Sure, it works in practice, but does it work in theory?
Over the years, I’ve heard this parody of academic pomposity put in the lips of various targets, from French intellectuals to University of Chicago economists. Lately, though, I’ve begun thinking it myself — about the hawkish side in the debate over the Ukraine war, whose practical policies have so far achieved favorable results but whose deeper theories of the conflict still seem implausible, unworkable or dangerous.
I was not a Ukraine hawk before the war came. I felt the United States had overextended itself with its half-open door to NATO membership and that eastern Ukraine, at least, wasn’t defensible against Russian aggression without a full-scale U.S. military commitment. Sending arms to Kyiv probably made sense, but as a means of eventually bogging down a Russian incursion, not stopping it outright. And a Ukrainian collapse, of the kind we saw from our client government in Afghanistan, seemed within the realm of possibility.
The war itself has defied those expectations. The hawks were proven right about Ukraine’s simple capacity to fight. They were proven right that American arms could actually help blunt a Russian invasion, not just create an insurgency behind its lines. And their psychological read on Russian President Vladimir Putin has been partially vindicated as well: His choices suggest a man motivated as much by imperial restoration as by anti-NATO defensiveness, and his conduct of the war offers little evidence that there is a stable, permanent peace available even with Ukrainian concessions.
So in the realm of practical policy to date, I have joined the hawks. Our military support for Ukraine has worked: We have safeguarded a sovereign nation and weakened a rival without dangerous escalation from the Russian side. And for now, with Russia continuing to mount offensives while mostly avoiding the bargaining table, there isn’t any obvious “off-ramp” to peace that we ought to force Kyiv to take.
Yet, when I read the broader theories of hawkish commentators, their ideas about America’s strategic vision and what kind of endgame we should be seeking in the war, I still find myself baffled by their confidence and absolutism.
For instance, for all their defensive successes, we have not yet established that Ukraine’s military can regain significant amounts of territory in the country’s south and east. Yet, we have Anne Applebaum of The Atlantic insisting that only Putin’s defeat and indeed “humiliation” can restore European stability, while elsewhere in the same magazine, Casey Michel calls for dismantling the Russian Federation, framed as the “decolonization” of Russia’s remaining empire, as the only policy for lasting peace.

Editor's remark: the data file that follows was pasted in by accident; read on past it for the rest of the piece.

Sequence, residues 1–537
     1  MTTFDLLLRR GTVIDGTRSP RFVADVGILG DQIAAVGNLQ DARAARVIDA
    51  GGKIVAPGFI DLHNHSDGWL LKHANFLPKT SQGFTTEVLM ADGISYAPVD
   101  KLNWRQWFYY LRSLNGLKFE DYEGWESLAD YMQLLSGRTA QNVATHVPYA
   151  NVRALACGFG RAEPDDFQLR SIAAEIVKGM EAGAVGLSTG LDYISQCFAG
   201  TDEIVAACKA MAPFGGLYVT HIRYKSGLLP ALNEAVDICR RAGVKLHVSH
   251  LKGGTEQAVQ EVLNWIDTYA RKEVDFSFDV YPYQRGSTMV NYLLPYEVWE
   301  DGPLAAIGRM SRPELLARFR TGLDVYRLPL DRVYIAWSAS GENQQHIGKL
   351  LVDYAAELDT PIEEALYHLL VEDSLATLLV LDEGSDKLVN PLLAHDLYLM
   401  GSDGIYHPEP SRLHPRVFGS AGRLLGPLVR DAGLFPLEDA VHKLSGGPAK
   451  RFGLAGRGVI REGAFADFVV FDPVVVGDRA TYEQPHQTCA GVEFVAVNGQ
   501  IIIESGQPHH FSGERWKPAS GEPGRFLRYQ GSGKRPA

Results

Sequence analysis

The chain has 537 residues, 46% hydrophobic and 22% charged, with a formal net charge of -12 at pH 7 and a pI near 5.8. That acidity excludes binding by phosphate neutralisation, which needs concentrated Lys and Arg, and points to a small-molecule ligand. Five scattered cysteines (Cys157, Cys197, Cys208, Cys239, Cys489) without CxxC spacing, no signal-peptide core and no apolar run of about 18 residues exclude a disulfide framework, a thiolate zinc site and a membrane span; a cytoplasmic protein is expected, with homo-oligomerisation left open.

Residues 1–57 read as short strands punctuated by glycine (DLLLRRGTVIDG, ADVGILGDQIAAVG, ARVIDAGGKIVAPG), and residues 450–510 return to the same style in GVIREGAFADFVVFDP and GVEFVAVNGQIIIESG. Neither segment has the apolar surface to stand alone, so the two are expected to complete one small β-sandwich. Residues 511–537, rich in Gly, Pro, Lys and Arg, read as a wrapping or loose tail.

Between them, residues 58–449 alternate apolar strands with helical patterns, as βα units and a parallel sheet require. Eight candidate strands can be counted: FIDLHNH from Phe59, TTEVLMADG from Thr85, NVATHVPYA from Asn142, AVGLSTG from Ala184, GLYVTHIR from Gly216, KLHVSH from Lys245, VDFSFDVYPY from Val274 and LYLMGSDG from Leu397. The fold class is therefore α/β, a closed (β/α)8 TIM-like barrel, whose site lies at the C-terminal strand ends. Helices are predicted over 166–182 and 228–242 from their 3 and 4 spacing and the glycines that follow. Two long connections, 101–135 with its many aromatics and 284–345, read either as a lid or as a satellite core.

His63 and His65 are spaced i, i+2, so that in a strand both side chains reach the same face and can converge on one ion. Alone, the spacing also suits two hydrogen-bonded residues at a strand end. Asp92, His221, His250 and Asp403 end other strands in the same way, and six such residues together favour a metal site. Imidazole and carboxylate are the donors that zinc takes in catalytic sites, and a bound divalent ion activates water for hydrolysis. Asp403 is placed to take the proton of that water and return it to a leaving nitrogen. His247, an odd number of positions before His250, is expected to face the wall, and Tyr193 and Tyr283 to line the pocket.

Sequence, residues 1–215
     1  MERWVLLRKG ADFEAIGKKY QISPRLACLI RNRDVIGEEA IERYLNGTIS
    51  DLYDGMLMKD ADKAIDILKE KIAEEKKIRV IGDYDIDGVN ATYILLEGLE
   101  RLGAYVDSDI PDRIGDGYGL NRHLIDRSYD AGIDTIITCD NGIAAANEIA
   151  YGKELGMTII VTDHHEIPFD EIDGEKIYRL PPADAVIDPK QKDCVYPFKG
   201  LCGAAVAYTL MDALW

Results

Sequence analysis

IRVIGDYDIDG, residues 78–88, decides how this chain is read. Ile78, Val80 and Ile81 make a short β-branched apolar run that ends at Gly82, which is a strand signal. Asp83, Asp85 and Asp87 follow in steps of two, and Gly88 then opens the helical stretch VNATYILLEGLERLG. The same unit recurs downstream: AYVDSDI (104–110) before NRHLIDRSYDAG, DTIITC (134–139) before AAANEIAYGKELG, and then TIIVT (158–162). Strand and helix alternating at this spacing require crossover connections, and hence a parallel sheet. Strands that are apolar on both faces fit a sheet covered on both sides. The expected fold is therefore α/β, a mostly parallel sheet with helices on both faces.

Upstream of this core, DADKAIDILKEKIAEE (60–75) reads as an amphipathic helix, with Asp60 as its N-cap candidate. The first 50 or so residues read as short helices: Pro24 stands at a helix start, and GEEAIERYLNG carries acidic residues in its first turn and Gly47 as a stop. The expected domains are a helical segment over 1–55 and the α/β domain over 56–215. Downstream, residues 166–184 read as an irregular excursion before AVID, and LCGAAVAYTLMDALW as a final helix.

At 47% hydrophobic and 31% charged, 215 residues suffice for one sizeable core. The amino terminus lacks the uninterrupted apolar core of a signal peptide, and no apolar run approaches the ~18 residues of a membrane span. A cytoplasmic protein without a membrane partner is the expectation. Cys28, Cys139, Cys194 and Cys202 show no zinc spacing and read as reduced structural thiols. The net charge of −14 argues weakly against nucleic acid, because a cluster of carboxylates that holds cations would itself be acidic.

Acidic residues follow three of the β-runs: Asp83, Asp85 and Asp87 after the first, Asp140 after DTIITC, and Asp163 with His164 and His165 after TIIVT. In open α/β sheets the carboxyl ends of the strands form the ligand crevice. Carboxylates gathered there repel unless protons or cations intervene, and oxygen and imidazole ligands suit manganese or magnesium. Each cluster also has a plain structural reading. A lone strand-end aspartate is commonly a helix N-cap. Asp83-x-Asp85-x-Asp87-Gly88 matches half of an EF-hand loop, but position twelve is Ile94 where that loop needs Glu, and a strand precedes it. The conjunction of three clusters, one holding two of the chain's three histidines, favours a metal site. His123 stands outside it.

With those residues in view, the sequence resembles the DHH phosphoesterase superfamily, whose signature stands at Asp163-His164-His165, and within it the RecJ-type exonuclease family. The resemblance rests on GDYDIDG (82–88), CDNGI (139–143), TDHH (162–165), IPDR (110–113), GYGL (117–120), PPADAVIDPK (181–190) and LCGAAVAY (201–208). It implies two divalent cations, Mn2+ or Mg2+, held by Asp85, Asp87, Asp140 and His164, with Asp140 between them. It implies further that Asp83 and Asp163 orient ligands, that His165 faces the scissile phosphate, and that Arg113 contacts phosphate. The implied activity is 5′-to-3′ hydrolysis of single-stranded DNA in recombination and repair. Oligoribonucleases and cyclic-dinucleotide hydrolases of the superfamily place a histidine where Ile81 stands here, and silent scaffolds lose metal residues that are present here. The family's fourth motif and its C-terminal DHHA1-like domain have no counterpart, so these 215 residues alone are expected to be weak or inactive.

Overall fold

Or again, the United States has currently committed an extraordinary sum to back Ukraine — far more than we spent in foreign aid to Afghanistan in any recent year, for instance — and our support roughly trebles the support offered by the European Union. Yet when this newspaper’s editorial board raised questions about the sustainability of such support, the response from many Ukraine hawks was a furious How dare you — with an emphasis, to quote Benjamin Wittes of the Brookings Institution, on Ukraine’s absolute right to fight “until every inch of their territory is free”; America’s strictly “modest” and “advisory” role in Ukrainian decision-making; and the importance of offering Kyiv, if not a blank check, at least a “very very big check with more checks to follow.”
These theories all seem to confuse what is desirable with what is likely — and what is morally ideal with what is strategically achievable. I have written previously about the risks of nuclear escalation in the event of a Russian military collapse, risks that hawkish theories understate. But given the state of the war right now, the more likely near-future scenario is one where Russian collapse remains a pleasant fancy, the conflict becomes stalemated and frozen, and we have to put our Ukrainian policy on a sustainable footing without removing Putin’s regime or dismantling the Russian empire.
In that scenario, our plan cannot be to keep writing countless checks while tiptoeing modestly around the Ukrainians and letting them dictate the ends to which our guns and weaponry are used. The United States is an embattled global hegemon facing threats more significant than Russia. We are also an internally divided country led by an unpopular president whose majorities may be poised for political collapse. So if Kyiv and Moscow are headed for a multiyear or even multidecade frozen conflict, we will need to push Ukraine toward its most realistic — rather than its most ambitious — military strategy. And just as urgently, we will need to shift some of the burden of supporting Kyiv from our own budget to our European allies.
Those goals are compatible with what we’ve done to date, and they can obviously be adapted if better opportunities suddenly arise. But a good strategic theory needs to assume difficulty, challenge, limits. The danger now is that the practical achievements of our hawkish policy encourages the opposite kind of theorizing, a hubris that squanders our still-provisional success.
Ross Douthat is a columnist for The New York Times.